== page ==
Paul Krugman is a professor of economics at Princeton University who, in his eagerness to obtain appointive office in a future Democratic administration, has moonlighted for some years now as a columnist for the New York Times, where he has worked assiduously to develop talking points for Democratic candidates.  His ambition is transparent, and it is sometimes entertaining to watch him daintily avert his eyes from Clinton-era scandals while taking on the machinations of the Bush administration.  (Neither of the present authors, it must be stressed, has much sympathy for the Bushies, who have striven heroically to cover themselves in something other than glory.)

Alas, however, Professor Krugman strayed far from his vocation in the dismal science with his column of April 13, 2007, entitled “For God’s Sake.”  The target of his wrath was the temerity of the Regent University School of Law—an openly Christian law school located in Virginia Beach.  Regent’s crime?  It succeeded in placing 150 graduates in the Bush administration.  No good Ivy Leaguer can allow such bumptiousness to pass unnoticed.

The sheer uppityness of those folks at Regent probably pushed him over the edge.  What else could explain the tone and tenor of the column?  Professor Krugman tries to deny that he is a conspiracy theorist even while proving that the paranoid style is alive and well.  Like some latter-day Joe McCarthy, Tail-Gunner Paul has here in his hand a list of 150 graduates of Regent University now working in the Bush administration.  Although “the Christian right’s strategy of infiltration” into the corridors of power has been set back by the administration’s current political travails, Krugman ominously intones, “it would be wildly premature to declare the danger over.  This is a movement that has shown great resilience over the years.”

What Tail-Gunner Paul cannot stand is “the sheer extremism of these people.”  Why, just look at the extreme things that “these people” do!  Take the new U.S. attorney for Minnesota—she’s actually “in the habit of quoting Bible verses in the office.”  What kind of crazy country are we living in?  We’d better amend the Constitution to require religious tests for federal office!

This, after all, is what Krugman is really gunning for.  He may or may not have objections to allowing people with private religious convictions to serve in government.  We don’t know the man personally, so we can’t really say.  But what he wishes to forbid is the public manifestation of that belief.  A Catholic who goes to Mass on Sunday may or may not be tolerable in public office, but what would be absolutely intolerable is a Catholic who takes seriously the injunctions of the Second Vatican Council.  After all, Lumen Gentium declares that the laity are “called by God . . . [to] contribute to the sanctification of the world.”  And again: “All the laity . . . have the exalted duty of working for the ever greater spread of the divine plan of salvation to all men.”  And, with respect to political participation, Gaudium et Spes adds: “Christians . . . should be a shining example by their sense of responsibility and dedication to the common good.”  It is this sort of Christian, by Krugman’s account, who poses a mortal danger to the Republic.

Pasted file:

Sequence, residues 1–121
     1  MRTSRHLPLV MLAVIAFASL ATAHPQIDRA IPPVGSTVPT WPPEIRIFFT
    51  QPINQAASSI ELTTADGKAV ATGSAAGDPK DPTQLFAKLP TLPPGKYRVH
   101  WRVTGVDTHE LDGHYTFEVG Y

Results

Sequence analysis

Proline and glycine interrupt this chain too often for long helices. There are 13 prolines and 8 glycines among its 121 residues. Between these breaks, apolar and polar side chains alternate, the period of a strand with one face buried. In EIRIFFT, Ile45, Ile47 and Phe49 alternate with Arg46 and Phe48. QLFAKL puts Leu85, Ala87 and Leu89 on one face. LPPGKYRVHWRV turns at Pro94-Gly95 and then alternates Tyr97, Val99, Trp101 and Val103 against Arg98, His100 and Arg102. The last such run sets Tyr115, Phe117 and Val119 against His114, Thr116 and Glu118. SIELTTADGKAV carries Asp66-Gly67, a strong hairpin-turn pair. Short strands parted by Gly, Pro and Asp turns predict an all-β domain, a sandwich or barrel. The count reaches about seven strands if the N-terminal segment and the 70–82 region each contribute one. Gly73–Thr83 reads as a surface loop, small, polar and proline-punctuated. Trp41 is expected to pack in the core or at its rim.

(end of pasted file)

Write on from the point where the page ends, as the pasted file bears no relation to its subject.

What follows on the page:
Amending the Constitution can be tough, however.  So we offer a more limited proposal designed to assuage Krugman’s anxieties.  Let’s all insist that the candidates in the next presidential election make a solemn promise never to hire anyone to work in their administrations who might conceivably be linked to the Christian Right.  Surely, the threat that such “infiltrators” pose to the American Way of Life is every bit as serious as the threat from domestic communists in the depths of the Cold War.

Or maybe not.  Maybe the real threat to liberty, tolerance, democracy, and peace in this country comes from people such as Paul Krugman.